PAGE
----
One of the best art shows in New York last year was the group exhibition Looking Both Ways at the Museum for African Art. The show consisted of African artists now living in various Western cities. At times a cross-cultural pollination was very obvious; at times it wasn’t. But something connected almost all of the work by this mostly young group of artists: Politics, and not just the politics of self and identity, but the politics of colonialism, of enduring racism, and of corrupt governments, was everywhere. At a time when young American artists whose country had plunged into an amorphous war were largely making colorful, shabby and vacant work with a pathetic whiff of countercultural angst like a pack of Vice-reading faux shamans, the all-star cast of African artists in Looking Both Ways showed them up with intelligent work that considered the effect of globalization, the media and government-sponsored aggression carefully and rigorously.
Hip-Hop Senegal explores a similar premise. Hip-hop is America’s most recent nationally specific contribution to a global cultural pantheon — the rock ‘n’ roll of Gen-X. Hip-Hop Senegal is the first in what Nomadic Wax promises will be a series of hip-hop compilations exposing hip-hop’s diaspora in African nations. The album features fourteen tracks from twelve different Senegalese emcees or groups speaking the persuasive language of hip-hop — indelibly American, but inarguably global. A good majority of its tracks are jiggy-style party bangers rapped in the Wolof language, and many suffer from overly predictable production and song structure.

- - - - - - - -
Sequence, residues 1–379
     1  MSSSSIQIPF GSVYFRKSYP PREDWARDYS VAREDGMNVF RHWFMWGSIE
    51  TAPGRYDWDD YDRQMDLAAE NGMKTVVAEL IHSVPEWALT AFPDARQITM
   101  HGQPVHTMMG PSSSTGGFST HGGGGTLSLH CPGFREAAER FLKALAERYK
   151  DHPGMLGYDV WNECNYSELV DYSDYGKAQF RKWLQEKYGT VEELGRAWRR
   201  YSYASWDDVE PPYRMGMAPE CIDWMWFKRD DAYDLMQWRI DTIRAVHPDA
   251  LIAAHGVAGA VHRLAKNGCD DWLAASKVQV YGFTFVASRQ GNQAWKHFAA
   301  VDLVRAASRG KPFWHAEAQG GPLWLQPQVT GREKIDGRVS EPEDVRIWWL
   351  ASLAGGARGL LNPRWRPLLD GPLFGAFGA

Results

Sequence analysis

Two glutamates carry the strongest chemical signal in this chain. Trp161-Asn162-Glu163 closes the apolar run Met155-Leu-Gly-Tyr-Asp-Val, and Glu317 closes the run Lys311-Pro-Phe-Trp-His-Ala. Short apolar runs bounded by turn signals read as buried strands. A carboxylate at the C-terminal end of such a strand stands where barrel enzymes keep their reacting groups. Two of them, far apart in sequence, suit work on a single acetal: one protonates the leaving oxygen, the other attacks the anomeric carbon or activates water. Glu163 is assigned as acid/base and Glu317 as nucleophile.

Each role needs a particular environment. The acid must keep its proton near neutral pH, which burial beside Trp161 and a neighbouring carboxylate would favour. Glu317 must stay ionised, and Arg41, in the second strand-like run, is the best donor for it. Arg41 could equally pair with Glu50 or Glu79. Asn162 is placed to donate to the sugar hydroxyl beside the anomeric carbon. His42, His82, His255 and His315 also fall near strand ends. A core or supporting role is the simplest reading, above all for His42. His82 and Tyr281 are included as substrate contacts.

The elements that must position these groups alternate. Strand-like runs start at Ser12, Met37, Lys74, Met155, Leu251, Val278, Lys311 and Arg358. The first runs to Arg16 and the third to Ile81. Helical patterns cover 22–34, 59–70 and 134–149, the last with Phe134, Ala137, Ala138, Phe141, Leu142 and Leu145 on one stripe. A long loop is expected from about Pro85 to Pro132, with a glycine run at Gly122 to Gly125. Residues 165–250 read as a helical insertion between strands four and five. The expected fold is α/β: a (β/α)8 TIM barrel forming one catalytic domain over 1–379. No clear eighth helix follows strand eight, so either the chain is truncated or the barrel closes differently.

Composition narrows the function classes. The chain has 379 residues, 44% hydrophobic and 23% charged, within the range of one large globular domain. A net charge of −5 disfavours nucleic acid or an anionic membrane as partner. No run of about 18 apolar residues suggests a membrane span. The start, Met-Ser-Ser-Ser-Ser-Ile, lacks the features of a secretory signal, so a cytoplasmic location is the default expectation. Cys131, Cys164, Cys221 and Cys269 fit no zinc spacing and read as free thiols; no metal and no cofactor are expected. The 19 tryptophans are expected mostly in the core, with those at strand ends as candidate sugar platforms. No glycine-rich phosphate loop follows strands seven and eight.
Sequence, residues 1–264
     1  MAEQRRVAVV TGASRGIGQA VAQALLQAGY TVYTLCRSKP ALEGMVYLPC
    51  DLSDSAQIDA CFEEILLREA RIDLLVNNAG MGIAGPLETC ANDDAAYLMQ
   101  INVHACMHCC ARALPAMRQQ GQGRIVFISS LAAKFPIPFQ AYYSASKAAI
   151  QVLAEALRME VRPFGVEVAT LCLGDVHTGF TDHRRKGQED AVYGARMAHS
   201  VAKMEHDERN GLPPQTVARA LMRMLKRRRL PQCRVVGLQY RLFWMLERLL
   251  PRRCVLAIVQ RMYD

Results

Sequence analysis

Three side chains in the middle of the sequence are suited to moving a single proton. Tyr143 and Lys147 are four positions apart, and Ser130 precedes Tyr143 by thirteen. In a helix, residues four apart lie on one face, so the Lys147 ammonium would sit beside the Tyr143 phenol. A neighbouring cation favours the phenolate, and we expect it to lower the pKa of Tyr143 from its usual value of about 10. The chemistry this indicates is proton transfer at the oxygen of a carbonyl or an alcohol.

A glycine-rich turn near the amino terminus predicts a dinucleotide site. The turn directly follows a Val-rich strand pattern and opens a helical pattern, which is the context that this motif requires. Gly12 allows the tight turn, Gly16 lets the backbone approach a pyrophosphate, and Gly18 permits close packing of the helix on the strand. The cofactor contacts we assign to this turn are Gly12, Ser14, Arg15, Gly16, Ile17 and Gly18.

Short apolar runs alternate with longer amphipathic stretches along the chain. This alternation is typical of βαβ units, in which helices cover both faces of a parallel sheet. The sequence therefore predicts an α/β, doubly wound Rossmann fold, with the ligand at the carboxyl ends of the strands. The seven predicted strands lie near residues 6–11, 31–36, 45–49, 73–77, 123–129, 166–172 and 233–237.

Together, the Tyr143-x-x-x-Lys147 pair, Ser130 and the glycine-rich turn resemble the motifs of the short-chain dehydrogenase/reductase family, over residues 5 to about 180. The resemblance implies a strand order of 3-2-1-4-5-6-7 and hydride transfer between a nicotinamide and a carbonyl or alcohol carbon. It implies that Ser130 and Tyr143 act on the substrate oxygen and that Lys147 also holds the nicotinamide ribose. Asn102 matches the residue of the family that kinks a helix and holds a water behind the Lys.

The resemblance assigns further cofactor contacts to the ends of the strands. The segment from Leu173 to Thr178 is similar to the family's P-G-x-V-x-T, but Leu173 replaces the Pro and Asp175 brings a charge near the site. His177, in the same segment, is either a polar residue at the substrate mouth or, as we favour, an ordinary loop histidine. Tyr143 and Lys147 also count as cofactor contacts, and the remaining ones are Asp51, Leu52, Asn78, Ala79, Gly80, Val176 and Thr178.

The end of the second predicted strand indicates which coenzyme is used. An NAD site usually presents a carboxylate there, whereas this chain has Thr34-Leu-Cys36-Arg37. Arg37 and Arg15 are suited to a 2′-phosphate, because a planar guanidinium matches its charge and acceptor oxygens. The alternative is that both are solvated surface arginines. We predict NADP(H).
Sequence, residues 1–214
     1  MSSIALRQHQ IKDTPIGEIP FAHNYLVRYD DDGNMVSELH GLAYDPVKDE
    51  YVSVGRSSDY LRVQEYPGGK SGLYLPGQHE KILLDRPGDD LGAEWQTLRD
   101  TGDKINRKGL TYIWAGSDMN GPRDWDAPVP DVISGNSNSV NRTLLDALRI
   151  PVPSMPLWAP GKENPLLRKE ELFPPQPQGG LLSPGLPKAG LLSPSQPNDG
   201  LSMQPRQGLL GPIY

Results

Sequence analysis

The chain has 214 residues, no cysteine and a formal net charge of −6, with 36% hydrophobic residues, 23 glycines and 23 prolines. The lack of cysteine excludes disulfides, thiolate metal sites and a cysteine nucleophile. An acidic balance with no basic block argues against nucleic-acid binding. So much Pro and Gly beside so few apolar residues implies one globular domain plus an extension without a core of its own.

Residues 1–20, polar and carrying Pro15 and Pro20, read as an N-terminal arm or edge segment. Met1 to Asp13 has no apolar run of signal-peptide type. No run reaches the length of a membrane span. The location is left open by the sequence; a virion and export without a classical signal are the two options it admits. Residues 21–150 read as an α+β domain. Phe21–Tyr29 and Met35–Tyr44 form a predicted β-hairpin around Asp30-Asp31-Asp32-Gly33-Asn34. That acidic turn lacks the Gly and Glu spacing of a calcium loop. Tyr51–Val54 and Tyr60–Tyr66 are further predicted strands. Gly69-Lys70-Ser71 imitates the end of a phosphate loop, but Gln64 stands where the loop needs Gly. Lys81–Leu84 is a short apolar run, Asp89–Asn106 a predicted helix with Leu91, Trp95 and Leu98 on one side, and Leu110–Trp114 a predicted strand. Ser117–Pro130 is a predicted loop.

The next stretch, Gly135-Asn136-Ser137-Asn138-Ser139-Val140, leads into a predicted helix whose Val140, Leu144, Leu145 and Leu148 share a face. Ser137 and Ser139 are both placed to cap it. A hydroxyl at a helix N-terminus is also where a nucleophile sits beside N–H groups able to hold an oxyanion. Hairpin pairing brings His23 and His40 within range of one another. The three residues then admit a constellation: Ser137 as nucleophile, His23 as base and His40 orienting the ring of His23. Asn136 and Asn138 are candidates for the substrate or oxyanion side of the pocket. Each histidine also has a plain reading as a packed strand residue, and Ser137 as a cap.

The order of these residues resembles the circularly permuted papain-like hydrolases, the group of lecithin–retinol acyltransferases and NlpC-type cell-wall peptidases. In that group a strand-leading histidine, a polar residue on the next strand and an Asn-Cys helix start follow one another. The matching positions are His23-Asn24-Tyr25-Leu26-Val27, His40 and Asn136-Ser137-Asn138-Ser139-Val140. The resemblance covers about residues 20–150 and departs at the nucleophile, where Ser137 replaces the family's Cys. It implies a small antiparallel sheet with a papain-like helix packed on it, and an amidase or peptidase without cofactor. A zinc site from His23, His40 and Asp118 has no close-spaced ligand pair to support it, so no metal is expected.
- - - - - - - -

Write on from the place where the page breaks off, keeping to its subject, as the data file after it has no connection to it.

Although the emcees are pretty diverse, the compilation’s overwhelmingly feels like a second-generation Wu-Tang, with a few notable exceptions. Omzo’s “Missalu Aduna” is just great. In contrast to virtually all of Hip-Hop Senegal‘s other tracks, Omzo displays a mellow, effortless flow, changeups in the beat and some slick MIDI programming. Yat Fu are apparently the cats whose style young Senegalese are always copping, and you can hear why — the weird sing-song chant from this triple-emcee squad sounds like nothing else on the album. Sul Suli Klan’s fast-mo rappers probably will sound the most “underground” to Western ears, and the airy string sample they rap over is bewitching, though the track suffers from a dull beat.
It’s important to remember that this is the criticism of a through-and-through Westerner, and it’s hard for me or anyone who hasn’t experienced first-hand what this music means to the Senegalese. To return to politics, the liner notes stress that hip-hop is used in Senegal as a vehicle to persuade youths and those in disenfranchised neighborhoods to exploit the now-democratic political system to pursue social change. In light of this, it’s frustrating that I don’t feel the album a little more. For all its well-meaning, it’s probably going to come across sounding a little dated to hip-hop heads in the United States. But while form counts for a lot in music (if not close to everything), there’s also a lot to be said for function. And it’s inspiring to hear of a culture where music that actually receives airplay is critical of its government and is aggressively fighting for positive social change.